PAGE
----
Caries, or better known as cavities, are preventable. While caries might not endanger your life, they may negatively impact your quality of life.
When your teeth and gums are consistently exposed to large amounts of starches and sugars, acids may form that begin to eat away at tooth enamel. Carbohydrate-rich foods such as candy, cookies, soft drinks and even fruit juices leave deposits on your teeth. These deposits bond with the bacteria that normally thrive in your mouth and form plaque. This combination of deposits and plaque forms acids that can damage the mineral structure of teeth, with tooth decay resulting.
Your teeth expand and contract in reaction to changes in temperature. Hot and cold food and beverages can cause pain or irritation to people with sensitive teeth. Over time, tooth enamel can be worn down, gums may recede or teeth may develop microscopic cracks, exposing the interior of the tooth and irritating nerve endings. Just breathing cold air can be painful for those with extremely sensitive teeth.
Gum, or periodontal, disease can cause inflammation, tooth loss and bone damage. Gum disease begins with a sticky film of bacteria called plaque. Gums can bleed and become red and swollen in the early stage of a disease called gingivitis. As the disease progresses to periodontitis, teeth may fall out or need to be removed by a dentist. Gum disease is highly preventable and can usually be avoided by daily brushing and flossing. One indicator of gum disease is consistent bad breath or a bad taste in the mouth.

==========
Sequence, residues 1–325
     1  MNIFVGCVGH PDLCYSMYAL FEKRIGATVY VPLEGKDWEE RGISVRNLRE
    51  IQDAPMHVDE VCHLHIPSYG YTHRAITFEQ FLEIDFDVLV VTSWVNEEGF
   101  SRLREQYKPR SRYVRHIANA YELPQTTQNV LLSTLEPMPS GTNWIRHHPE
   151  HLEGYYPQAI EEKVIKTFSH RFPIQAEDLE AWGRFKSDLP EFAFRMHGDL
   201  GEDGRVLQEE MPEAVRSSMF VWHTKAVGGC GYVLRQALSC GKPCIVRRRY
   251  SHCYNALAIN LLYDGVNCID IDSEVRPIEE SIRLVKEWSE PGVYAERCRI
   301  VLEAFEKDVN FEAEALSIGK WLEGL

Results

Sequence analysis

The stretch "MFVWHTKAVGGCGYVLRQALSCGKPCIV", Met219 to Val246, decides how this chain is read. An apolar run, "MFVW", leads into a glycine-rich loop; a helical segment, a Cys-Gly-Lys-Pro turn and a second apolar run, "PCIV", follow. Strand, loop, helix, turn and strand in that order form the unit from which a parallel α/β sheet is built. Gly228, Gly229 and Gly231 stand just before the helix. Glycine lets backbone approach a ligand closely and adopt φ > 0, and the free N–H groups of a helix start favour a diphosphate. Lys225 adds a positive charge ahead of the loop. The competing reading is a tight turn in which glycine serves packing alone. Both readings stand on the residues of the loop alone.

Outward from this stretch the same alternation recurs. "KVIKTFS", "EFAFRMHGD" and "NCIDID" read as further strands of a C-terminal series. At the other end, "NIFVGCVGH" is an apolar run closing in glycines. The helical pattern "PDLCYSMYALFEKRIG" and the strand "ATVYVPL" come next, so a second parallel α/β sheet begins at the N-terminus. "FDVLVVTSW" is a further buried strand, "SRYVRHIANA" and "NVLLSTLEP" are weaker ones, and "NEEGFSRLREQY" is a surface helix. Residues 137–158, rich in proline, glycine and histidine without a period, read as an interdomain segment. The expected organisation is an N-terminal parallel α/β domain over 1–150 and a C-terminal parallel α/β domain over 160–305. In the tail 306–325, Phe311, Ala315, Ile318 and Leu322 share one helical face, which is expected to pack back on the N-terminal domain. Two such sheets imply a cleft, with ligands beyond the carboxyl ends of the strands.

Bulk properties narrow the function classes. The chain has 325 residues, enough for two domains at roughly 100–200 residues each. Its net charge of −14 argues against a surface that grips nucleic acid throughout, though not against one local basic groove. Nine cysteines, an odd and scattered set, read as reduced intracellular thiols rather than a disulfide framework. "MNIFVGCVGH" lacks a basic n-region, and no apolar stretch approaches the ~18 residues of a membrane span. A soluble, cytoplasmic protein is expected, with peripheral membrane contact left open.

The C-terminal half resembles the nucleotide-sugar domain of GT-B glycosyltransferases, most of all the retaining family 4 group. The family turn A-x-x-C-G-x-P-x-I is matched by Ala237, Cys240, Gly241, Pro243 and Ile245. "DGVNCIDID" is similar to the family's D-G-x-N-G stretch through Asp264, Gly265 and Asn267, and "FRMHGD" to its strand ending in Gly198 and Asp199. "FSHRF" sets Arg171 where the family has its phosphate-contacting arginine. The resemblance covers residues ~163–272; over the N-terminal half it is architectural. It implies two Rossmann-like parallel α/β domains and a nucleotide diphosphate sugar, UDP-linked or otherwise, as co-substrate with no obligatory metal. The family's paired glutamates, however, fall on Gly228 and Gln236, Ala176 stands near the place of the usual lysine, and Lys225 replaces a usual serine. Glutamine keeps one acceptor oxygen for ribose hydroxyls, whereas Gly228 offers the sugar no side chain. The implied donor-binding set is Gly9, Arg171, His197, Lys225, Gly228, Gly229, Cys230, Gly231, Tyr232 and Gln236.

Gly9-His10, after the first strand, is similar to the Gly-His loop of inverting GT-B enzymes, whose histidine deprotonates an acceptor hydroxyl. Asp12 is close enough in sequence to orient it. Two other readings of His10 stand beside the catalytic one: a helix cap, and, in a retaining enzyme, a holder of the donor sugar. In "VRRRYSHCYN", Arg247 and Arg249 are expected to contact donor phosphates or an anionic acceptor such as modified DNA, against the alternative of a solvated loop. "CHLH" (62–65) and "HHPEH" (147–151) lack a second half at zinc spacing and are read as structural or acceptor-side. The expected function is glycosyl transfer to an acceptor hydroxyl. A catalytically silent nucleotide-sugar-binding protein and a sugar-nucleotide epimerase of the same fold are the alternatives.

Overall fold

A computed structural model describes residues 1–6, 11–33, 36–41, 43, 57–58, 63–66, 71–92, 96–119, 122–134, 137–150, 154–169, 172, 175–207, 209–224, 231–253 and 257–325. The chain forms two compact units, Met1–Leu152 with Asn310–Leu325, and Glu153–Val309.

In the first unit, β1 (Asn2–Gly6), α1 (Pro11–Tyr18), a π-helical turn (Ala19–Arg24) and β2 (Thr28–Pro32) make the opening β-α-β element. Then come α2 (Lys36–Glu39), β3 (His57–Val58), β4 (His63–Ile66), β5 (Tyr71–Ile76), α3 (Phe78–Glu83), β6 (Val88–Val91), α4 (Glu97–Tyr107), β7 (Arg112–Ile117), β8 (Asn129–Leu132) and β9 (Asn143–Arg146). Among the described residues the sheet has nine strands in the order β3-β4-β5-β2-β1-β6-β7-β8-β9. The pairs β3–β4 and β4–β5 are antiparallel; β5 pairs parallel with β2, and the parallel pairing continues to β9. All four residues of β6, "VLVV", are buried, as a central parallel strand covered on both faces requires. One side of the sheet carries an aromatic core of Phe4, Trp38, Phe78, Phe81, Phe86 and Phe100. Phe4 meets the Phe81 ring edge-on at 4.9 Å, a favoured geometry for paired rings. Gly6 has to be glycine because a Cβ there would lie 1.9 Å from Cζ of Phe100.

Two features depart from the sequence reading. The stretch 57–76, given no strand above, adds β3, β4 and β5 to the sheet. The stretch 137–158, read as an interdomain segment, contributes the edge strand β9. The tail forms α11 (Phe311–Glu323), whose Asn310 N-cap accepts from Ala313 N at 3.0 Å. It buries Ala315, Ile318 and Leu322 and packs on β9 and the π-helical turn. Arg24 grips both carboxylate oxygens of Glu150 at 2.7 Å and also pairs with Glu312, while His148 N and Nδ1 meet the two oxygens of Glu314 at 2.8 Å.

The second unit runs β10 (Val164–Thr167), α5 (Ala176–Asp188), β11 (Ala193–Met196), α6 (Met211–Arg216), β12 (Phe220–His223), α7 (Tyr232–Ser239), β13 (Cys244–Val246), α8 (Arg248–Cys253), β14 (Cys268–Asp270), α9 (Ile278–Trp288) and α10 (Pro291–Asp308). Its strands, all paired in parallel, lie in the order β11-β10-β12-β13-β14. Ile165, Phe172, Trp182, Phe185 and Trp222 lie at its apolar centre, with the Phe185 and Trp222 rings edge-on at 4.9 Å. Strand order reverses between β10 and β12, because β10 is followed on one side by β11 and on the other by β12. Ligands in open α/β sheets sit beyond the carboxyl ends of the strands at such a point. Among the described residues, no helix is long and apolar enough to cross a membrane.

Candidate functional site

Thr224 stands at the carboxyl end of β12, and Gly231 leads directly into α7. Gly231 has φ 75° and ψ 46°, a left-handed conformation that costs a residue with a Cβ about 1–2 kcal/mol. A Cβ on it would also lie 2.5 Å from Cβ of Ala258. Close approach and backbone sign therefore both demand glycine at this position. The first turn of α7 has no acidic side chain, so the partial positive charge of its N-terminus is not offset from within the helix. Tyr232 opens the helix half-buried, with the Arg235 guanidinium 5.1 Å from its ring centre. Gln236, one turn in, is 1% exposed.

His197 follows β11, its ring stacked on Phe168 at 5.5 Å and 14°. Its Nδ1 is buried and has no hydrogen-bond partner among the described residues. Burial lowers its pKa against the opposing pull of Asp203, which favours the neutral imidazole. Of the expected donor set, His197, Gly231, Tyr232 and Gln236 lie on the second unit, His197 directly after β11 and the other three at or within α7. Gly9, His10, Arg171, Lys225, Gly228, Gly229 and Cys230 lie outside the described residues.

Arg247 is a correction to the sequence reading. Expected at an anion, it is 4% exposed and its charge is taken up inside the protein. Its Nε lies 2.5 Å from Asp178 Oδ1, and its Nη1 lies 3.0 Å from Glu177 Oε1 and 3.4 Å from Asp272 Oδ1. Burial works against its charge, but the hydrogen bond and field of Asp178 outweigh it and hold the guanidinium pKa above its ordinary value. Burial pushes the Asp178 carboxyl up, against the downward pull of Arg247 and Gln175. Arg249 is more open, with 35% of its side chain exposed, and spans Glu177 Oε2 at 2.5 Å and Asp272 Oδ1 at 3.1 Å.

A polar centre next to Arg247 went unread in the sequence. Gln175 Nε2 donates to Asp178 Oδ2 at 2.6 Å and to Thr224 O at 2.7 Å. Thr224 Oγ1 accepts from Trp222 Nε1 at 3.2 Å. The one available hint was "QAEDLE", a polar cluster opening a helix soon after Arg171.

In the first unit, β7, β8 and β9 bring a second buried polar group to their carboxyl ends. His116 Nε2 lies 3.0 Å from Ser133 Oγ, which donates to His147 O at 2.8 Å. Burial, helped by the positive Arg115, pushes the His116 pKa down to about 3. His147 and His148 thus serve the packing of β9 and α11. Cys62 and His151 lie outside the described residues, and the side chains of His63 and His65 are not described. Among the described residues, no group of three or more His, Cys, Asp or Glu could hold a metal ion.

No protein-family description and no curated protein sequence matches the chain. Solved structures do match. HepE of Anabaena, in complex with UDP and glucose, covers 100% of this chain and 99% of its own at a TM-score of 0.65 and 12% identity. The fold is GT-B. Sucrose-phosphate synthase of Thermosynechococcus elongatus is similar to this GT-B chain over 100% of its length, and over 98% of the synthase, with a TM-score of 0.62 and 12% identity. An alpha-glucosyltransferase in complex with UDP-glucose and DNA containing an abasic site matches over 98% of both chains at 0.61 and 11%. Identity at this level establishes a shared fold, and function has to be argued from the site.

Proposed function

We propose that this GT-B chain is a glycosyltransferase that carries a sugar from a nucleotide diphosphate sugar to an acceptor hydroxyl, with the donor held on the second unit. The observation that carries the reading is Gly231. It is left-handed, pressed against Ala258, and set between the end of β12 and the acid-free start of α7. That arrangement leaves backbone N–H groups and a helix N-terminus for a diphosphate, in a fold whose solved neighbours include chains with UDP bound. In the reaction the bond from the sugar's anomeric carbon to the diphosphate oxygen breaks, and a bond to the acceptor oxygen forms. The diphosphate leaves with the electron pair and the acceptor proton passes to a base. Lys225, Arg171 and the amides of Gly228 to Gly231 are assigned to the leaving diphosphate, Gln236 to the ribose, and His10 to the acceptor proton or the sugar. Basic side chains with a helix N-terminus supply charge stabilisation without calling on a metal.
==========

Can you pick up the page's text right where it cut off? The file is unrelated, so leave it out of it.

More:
Bad Breath (Halitosis)
Daily brushing and flossing helps to prevent the buildup of food particles, plaque and bacteria in your mouth. Food particles left in the mouth deteriorate and cause bad breath. While certain foods, such as garlic or onions, may create temporary bad breath, consistent bad breath may be a sign of gum disease or other dental problems.
Canker sores (aphthous ulcers) are small sores inside the mouth that often recur. They typically last one or two weeks. A canker sore usually has a white or gray base surrounded by a red border. The use of antimicrobial mouthwashes or topical agents can reduce the severity of canker sores. Over-the-counter medications will usually provide temporary relief. If sores persist, visit your dentist.
A bite that does not meet properly (a malocclusion) can be inherited, or some types may be acquired. Some causes of malocclusion include missing or extra teeth, crowded teeth or misaligned jaws. Accidents or developmental issues, such as finger or thumb sucking over an extended period of time, may cause malocclusions.